Pandora’s Box

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“Sex was the business of the town. Inside my Berlin hotel, the cafe bar was lined with the higher-priced trollops. The economy girls walked the streets outside. On the corner stood the girls in boots, advertising flagellation. Actors’ agents pimped for the ladies in luxury apartments in the Bavarian Quarter. Race-track touts at the Hoppegarten arranged orgies for groups of sportsmen. The nightclub Eldorado displayed an enticing line of homosexuals dressed as women. At the Maly, there was a choice of feminine or collar-and-tie lesbians. Collective lust roared unashamed at the theater. Just as Wedekind says, ‘They rage there as in a menagerie when the meat appears at the cage.'”  — Louise Brooks, “Pabst & Lulu.”

Of all the Weimar films, it is perhaps Pandora’s Box that has undergone the biggest reassessment by film scholars over the past sixty years, going from a much maligned failure upon its 1929 release to one of G.W. Pabst’s essential masterworks today. Much of that has less to do with Pabst than with the enduring and mysterious legacy of its major star, Louise Brooks, an American actor not particularly adept at sticking to the expected playbook of the Hollywood studio heads. One quick read through any of her acerbic essays from later in her life provide plenty of points for possible collision between Brooks and the old-boy studio network. Many women could no doubt navigate it with clenched smiles and gritted teeth, but Kansas-born Brooks, always ready to speak her mind, was not among them. When she got the call from Pabst to come to Berlin, she had little to lose and few bridges left to burn. German film scholar Lotte Eisner tells the story of showing up on the set and seeing Brooks sitting in a chair between takes, reading a book that she assumed to be American pop culture fluff or dime-store romance. Haughtily confronting her, Eisner was embarrassed and shocked to see it was Schopenhauer’s Essays in translation. In her later classic work on Weimar film The Haunted Screen, it was Brooks, not Pabst, that Eisner praised as a genius.

Eisner’s initial hostility should be seen in context. Even before casting was finished, German literati attacked the idea of a base film (film was perceived as inferior to stage and still a novelty at best) derived from Frank Wedekind’s two dramas, Erdgeist and Die Büchse der Pandora, which the film synthesizes into a single narrative. Incorporating elements later adopted by stage Expressionists, Wedekind’s dialogue-driven dramas were highly controversial for their candid, if highly stylized, assault on pious sexual attitudes of the late 19th-century. And when, during the high-profile casting search, German actresses like Marlene Dietrich were passed over for an American, it was the final insult. Berlin reviews were brutal and the film failed miserably.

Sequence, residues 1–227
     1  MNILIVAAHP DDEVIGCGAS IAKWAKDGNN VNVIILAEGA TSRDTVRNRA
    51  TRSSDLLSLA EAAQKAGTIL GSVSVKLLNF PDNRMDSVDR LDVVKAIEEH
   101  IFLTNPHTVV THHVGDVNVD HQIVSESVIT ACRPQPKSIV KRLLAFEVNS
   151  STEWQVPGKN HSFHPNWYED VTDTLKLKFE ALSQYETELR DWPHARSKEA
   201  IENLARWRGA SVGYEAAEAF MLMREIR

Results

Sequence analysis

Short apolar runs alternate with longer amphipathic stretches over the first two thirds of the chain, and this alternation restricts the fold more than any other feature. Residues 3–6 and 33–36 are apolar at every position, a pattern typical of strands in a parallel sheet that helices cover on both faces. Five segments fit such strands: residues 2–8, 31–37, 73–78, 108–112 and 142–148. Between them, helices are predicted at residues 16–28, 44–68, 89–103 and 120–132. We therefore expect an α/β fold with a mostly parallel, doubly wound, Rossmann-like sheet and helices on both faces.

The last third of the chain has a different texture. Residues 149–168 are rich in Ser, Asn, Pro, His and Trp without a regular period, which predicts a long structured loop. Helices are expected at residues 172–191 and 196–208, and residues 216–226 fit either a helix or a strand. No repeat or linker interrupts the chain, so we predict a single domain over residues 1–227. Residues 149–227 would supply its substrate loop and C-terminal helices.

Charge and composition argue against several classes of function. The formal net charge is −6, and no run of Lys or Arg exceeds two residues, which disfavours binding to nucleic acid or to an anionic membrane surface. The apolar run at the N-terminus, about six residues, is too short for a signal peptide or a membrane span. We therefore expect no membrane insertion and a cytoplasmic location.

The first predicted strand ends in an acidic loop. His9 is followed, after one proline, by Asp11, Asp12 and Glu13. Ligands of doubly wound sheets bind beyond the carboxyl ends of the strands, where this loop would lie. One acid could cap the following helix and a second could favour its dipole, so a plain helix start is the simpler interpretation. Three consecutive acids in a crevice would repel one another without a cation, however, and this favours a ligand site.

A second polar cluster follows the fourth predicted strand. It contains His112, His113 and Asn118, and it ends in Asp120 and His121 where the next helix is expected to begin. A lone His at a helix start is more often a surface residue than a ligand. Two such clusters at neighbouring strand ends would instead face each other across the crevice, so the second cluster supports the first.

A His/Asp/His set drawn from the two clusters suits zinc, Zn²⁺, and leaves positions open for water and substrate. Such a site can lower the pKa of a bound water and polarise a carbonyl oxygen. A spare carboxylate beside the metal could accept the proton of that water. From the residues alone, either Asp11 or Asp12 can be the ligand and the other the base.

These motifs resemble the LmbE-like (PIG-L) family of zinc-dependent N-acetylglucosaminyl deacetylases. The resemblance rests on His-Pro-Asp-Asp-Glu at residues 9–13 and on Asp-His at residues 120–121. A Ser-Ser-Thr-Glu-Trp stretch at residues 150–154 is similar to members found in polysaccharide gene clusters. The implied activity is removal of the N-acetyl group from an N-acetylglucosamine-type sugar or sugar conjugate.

Problems on the set are legendary. Brooks spoke no German and had to be coached phonetically on all her lines (silent film viewers were excellent lip readers and often complained when lip movements failed to match the dialogue text.) Pabst could only communicate with her in broken English. Alice Roberts, unhappy about playing one of the screen’s first lesbians, requested that Pabst speak seductive French to her from offstage so she could make it through her tango scene with Brooks with her moral universe intact. The veteran actors didn’t hide their hatred of the lead, calling Brooks the “spoiled American” brought in to portray “their beloved German Lulu.” Instead of diffusing these onset tensions, Pabst often worked, in his quiet and erudite manner, to exacerbate them, knowing this would only heighten the intensity of the performances. The tactic, however ethically questionable, worked to perfection. Brooks said she had the bruises on her arms to prove it after several physical scenes.

Today, Brooks’s naturalistic performance and iconic look, with her laissez-faire disposition, black bob and bangs, has come to personify the post-WWI “Jazz Age” mentality, the embodiment of joie de vivre and sexual liberation. In Pandora’s Box, the fact that this impulse leads to the ugly inverse says more about masculine paranoia over the erosion of traditional power balances than the emergence of any feminist ideals. Perhaps it is that disorienting dichotomy–championing the new in one fist while reinforcing the old with the other–that strikes such a continued chord with viewers, as the film gets reinterpreted through the filters of media theory.

Strangely, despite their large age gap, both Pabst and Brooks were at the ends of their careers. Pabst made two incredible sound films–Westfront 1918 (1930) and Kameradschaft (1931)–before fading into obscurity with second-rate costume dramas during the Nazi years, which was thankfully the extent of his collaboration. Brooks was blacklisted after she refused to return to Hollywood and convert her silent performance in The Canary Murder Case into a sound version, another actress ultimately dubbing in her lines. The ensuing smear campaign that her voice did not translate well into sound sealed her fate in the industry. She taught dance lessons for a while before becoming a recluse in her Rochester apartment, only leaving to replenish her library book supply. She wrote extensively during this period and had many articles published in The New Yorker and various film journals, later assembled into the well-received book Lulu in Hollywood. It was Henri Langlois and the exploding French film community of the 1960s that brought Brooks to a new generation, with a big retrospective at the Cinematheque Francaise, to which she was invited and treated as royalty by the younger New Wave filmmakers of the day.

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